Impaired thrombin generation and fibrin clot formation in patients with dilutional coagulopathy during major surgery.
until further notice
SourceThrombosis and Haemostasis, 103, 2, (2010), pp. 318-328
1 februari 2010
Article / Letter to editor
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Laboratory of Medical Immunology
Thrombosis and Haemostasis
SubjectN4i 4: Auto-immunity, transplantation and immunotherapy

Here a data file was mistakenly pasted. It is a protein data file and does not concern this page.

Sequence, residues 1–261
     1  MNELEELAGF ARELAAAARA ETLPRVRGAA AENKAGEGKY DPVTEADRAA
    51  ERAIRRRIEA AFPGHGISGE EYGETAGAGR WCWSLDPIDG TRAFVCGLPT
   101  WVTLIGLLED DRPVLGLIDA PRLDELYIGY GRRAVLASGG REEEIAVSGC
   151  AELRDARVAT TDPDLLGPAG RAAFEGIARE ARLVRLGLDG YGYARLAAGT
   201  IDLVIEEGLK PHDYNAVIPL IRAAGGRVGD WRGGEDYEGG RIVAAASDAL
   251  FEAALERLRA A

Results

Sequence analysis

Patients subjected to haemodilution during surgery are at increased risk of bleeding. We hypothesised that, in the acquired dilutional coagulopathy, insufficient haemostasis is due to either insufficient thrombin generation or insufficient fibrin clot formation. In tissue factor-activated plasmas from patients with coagulation deficiency, we measured time curves of thrombin generation and fibrin clot formation (thromboelastography). Investigated were in study A: 10 patients treated with vitamin K antagonist and five healthy subjects; in study B: 30 patients undergoing cardiopulmonary bypass (CPB) surgery and infused with on average 2,000 ml crystalloids and colloids (no major bleeding); in study C: 58 patients undergoing major general surgery, and transfused with >5,000 ml crystalloids, colloids and red cell concentrates, who experienced major bleeding and were post-transfused with fresh frozen plasma. The treatment with vitamin K antagonist led to a progressive reduction in thrombin generation but not fibrin clot formation. In CPB patients, plasma factor levels post-surgery were 53-60% of normal. This was accompanied by moderate reduction in both haemostatic processes. In plasmas from patients undergoing major surgery, factor levels were 38-41% of normal, and these levels increased after plasma transfusion. Taking preset thresholds for normal thrombin generation and fibrin clot formation, at least one of these processes was low in 88-93% of the patients with (persistent) bleeding, but only in 40-53% of the patients without bleeding. In conclusion, the ability of thrombin generation and fibrin clot formation is independently reduced in acquired dilutional coagulopathy, while minimal levels of both are required for adequate haemostasis.
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